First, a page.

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Do you have some extra potatoes lying around the kitchen? Or is there an unopened bottle of heavy cream in your refrigerator which you bought only because it was on “special” but is now reaching its expiry date? Well, fear no more… all you need is potatoes and cream for this recipe (I assume you have the other basic ingredients such as garlic, herbs, butter, etc..).

Potato Pavé Recipe (adapted from Thomas Keller’s “Ad Hoc at Home” Cookbook)

About 1kg of large potatoes (cookbook recommends Russet potatoes)
1 cup of Heavy Cream
4 Tablespoons of Unsalted Butter (1 tablespoon softened & 3 tablespoons cut into tiny cubes)

Ground black pepper
Salt (preferably Kosher or Fleur De Sel)

For frying:
2 sprigs of Thyme
2 garlic cloves (crushed with skin on)
Chives (minced) – to serve

Firstly, preheat your oven to 175 degrees Celsius.

In a large bowl, pour the heavy cream and add 1 teaspoon of salt and 1/2 teaspoon of pepper.

Prepare the potatoes by washing and peeling them. Place a Japanese Mandolin Slicer above the large bowl of cream and start slicing the potatoes lengthwise into very thin (about 1/16 inch) slices. Potato slices will drop into the cream (make sure they are entirely coated in the cream). If you do not have a mandolin slicer, slice the potatoes very thinly and drop them immediately into the cream to avoid oxidation.

Using a rectangular pan (cookbook recommends a 10 x 6.5 x 3 inch pan), brush the insides with half of the softened butter. Line the pan with baking paper but leave about a 5 to 6 inch overhang on both of the long sides as they will be used to cover the top. Brush the baking paper with the rest of the softened butter and sprinkle some salt and pepper.

Now, we move onto the layering part of the recipe. Trim the potato slices so that it forms an even layer over the base of the pan. Drop a few tiny cubes of butter and sprinkle some salt and pepper over the base layer. Continue with the next layer by laying more potato slices in a direction that would best fill the pan. Continue layering the potatoes. Add butter, salt and pepper after each two layers. Once you have done layering, fold over the sides of the baking paper to cover the top. Cover the pan tightly with aluminium foil.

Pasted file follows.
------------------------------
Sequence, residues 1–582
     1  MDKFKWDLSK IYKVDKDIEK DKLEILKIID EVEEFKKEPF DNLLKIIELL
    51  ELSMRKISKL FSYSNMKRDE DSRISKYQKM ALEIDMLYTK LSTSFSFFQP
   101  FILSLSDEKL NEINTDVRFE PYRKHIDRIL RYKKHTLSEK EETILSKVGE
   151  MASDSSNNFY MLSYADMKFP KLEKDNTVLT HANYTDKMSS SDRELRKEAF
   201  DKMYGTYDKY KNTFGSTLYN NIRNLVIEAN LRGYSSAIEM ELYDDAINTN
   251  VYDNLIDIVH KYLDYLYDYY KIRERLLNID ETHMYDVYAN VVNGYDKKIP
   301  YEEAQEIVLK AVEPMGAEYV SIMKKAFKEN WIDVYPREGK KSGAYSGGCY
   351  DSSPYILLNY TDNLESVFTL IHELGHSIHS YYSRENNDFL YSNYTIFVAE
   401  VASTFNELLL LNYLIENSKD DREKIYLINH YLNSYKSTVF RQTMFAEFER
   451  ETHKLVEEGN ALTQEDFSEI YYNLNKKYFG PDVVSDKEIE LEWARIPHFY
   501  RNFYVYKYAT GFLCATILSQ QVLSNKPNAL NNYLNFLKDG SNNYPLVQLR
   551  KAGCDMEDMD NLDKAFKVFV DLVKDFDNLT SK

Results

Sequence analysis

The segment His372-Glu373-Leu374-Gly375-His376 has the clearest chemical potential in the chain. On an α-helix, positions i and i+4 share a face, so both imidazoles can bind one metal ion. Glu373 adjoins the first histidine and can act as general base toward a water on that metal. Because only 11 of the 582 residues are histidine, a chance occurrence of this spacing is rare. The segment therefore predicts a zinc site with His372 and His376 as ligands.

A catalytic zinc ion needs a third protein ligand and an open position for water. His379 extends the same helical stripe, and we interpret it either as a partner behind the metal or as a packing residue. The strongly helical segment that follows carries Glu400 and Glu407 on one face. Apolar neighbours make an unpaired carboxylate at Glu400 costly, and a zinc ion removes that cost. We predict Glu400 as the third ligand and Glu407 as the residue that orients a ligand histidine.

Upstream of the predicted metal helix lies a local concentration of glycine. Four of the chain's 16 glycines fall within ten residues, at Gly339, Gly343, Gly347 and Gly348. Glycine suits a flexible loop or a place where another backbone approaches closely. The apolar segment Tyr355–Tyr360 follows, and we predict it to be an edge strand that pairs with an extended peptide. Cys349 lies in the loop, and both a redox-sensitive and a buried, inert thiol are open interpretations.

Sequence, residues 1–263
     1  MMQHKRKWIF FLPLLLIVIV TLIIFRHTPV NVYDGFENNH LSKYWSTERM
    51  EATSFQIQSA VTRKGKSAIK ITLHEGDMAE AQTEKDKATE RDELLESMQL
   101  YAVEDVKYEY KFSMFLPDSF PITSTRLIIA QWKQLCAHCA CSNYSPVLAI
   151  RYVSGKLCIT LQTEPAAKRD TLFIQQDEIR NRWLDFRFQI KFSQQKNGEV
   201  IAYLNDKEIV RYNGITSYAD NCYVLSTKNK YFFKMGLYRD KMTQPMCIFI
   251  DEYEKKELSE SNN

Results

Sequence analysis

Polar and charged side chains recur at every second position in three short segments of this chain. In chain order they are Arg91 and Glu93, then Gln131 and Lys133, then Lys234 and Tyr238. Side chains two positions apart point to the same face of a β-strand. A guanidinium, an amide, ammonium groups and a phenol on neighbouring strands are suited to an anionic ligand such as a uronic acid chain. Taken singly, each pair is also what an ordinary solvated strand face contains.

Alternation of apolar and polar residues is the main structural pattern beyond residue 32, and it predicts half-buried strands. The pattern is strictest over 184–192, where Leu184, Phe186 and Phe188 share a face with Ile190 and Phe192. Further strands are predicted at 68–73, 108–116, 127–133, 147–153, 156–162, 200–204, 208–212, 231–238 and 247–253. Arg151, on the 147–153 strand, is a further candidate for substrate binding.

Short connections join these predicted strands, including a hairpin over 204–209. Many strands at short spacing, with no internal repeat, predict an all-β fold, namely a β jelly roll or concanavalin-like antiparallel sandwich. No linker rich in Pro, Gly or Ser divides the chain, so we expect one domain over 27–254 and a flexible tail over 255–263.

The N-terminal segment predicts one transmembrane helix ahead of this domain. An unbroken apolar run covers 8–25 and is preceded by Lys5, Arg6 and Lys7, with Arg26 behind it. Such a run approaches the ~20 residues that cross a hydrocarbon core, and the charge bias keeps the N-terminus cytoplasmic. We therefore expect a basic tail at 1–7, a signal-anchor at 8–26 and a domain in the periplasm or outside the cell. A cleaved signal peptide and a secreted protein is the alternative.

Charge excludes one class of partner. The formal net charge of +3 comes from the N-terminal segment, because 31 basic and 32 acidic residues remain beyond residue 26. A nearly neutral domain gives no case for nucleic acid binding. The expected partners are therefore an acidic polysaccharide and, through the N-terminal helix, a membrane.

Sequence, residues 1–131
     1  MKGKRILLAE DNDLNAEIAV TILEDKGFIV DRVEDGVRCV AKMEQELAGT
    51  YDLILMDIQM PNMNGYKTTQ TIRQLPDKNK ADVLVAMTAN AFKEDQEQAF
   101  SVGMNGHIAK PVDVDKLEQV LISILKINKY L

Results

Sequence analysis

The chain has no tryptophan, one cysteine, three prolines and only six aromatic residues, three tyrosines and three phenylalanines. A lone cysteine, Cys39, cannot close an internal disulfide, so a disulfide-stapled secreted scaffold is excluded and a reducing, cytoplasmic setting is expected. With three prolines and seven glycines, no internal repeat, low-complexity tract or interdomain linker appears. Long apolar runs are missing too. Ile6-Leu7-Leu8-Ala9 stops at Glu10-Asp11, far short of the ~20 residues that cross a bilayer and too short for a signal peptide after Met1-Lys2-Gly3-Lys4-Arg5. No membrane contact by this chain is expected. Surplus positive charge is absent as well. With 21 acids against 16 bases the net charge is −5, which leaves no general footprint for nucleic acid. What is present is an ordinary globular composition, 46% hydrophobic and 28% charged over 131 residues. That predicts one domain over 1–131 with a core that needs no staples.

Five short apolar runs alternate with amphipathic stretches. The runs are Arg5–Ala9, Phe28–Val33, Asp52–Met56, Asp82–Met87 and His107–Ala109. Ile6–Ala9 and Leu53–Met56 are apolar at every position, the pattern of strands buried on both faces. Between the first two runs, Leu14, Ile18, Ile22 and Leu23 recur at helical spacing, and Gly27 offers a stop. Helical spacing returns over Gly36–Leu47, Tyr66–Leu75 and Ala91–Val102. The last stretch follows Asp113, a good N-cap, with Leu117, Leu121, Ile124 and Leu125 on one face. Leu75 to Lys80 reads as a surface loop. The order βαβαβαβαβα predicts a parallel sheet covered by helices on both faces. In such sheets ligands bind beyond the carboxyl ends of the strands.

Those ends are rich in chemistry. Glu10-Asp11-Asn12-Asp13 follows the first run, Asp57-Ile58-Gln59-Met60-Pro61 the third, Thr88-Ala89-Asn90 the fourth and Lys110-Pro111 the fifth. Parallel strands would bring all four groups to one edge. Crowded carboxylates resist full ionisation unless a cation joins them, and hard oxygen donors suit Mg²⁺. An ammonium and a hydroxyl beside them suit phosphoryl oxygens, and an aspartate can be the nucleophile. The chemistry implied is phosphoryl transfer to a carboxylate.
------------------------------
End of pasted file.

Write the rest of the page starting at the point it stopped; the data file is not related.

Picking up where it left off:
Place the pan into the oven and bake for 1 hour and 45 minutes or until tender when pierced with a skewer. Remove the pan from the oven and allow to cool for about 15 minutes. Cut a piece of thick cardboard slightly smaller than the size of the pan (smaller by just a few millimeters so that it freely covers the top of the layer without resting on the sides of the pan). Wrap the cardboard in aluminium foil (for hygienic purposes) and place it on top of the pave. Place some heavy jars/cans or other weights on top of the cardboard to apply pressure. Make sure the weights are evenly distributed. Once cooled to room temperature, place it in the refrigerator for at least 6 hours or a maximum of 2 days.

When ready to serve, run a palette knife around the pan to release the pave. Unwrap the top of the baking paper to lift the pave from the pan (using the overhangs as handles). Trim the sides of the pave. You can then cut it however you like (we cut them into smaller squares which is different from the cookbook). Wait for the pave to reach room temperature before frying.

Heat canola oil in a frying pan (medium-high heat) and fry potatoes (both sides till golden brown) with thyme and garlic. Cookbook recommends a sprinkle of minced chives and a dot of butter on the top to serve.

You can serve the potato pave with anything you like. We served it with bacon, egg, capers and grilled zucchini.

It makes the perfect breakfast as well. MMMmm … yolk…